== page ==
Kodaline @ Shepherd’s Bush Empire, London


Every now and then a world-class band manages to produce one of those spine-tingling moments of musical greatness; those mammoth sounds that trigger the emotional switch in you, when you think to yourself “I’m so glad I’m witnessing this”. These are the performances that you find yourself watching over and over again on YouTube when you get home; it’s what the likes of Coldplay and Snow Patrol do so well, and it’s what Kodaline manage to achieve during the climax of their live set.

Sauntering on stage looking slightly like lost teenagers on their way to the boyband auditions, the foursome waste no time launching straight into “After the Fall”. Their simple set, mundane black outfits, and lack of any added sparkle whatsoever leaves the music with a lot of making up to do. Things begin well with a surprisingly strong vocal from Steve Garrigan, who continues to give his pipes a workout for the entire duration of the 90-minute set.

In fact, all four members have a tough singing job, with the others providing passionate backing vocals and tuneful harmonies throughout. In “Love Like This”, things turn entirely Mumford & Sons, when Garrigan produces a mandolin for a bouncy rendition of the track, fulfilling the Marcus Mumford persona in perfect form.

We see a more personal side to the band during a cheery performance of “Way Back When”, which reminisces of their time growing up together as friends. Garrigan gives us a cheeky giggle as he mumbles “I had my fun” at the end of each chorus. Clearly nervous on stage, it’s refreshing to see the band loosen up during the latter half of the set. They remain charmingly humble throughout, thanking the fans on countless occasions – seemingly still overwhelmed by their newfound success.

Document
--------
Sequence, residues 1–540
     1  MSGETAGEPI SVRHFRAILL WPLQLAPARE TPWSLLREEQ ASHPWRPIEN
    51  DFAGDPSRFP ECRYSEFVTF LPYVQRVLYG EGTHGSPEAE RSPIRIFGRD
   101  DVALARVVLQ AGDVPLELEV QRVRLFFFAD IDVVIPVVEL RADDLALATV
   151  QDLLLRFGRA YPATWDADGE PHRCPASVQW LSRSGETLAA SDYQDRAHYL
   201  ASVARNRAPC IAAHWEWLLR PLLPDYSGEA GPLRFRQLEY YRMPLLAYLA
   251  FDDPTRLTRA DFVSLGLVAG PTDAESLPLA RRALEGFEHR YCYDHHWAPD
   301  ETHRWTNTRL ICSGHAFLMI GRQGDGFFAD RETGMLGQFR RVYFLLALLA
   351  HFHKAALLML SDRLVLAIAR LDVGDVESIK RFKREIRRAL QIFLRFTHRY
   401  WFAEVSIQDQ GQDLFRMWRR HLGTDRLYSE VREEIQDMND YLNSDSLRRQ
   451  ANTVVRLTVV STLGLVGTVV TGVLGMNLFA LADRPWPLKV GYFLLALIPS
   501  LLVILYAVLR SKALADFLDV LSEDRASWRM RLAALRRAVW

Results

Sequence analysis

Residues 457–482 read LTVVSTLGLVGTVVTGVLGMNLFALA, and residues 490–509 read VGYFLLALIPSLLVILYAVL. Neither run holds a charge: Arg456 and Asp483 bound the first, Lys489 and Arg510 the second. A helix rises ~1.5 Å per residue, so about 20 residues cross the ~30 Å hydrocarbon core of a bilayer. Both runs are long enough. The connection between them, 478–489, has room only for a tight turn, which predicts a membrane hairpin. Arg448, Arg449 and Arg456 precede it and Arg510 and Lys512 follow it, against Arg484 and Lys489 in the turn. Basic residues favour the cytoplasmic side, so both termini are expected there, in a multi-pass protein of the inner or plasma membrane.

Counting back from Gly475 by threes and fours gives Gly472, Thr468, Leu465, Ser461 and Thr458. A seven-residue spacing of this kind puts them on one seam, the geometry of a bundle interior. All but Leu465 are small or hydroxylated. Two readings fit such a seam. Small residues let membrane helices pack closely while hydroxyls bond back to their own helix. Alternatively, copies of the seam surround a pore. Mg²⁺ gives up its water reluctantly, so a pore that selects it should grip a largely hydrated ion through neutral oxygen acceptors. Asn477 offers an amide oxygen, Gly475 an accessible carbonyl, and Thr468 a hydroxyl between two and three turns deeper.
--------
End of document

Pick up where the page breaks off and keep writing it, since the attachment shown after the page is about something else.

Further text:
During “High Hopes” and “All Comes Down”, Garrigan switches his guitar for the keys, showing off his talent as he warms up with some classical exercises. As the spotlight falls, these songs prove to be two of the most powerful, with the band projecting some of their best vocals. Later, the audience proceeds to take over, singing the chorus in unison as hands sway in the air.

Yet at one point, things border on monotony. Kodaline plough through each track from their debut record, regurgitating every song note for note – even so far as the falsettos. While it’s an impressive skill, it becomes dull. Thankfully, though, the performance is rescued after the interlude, when the foursome appear on the balcony to sing an acoustic folk song unmiked; a heart-warming touch that consequently steals the show.

Closing the set is of course the hit single “All I Want”, which the fans have been waiting for patiently throughout the show’s entirety. Excitement builds with the track, ready for that big climatic moment. Generating an almighty singalong, the audience rises as the band stomps their way through the reprise, producing that beautiful, defining moment of pure brilliance.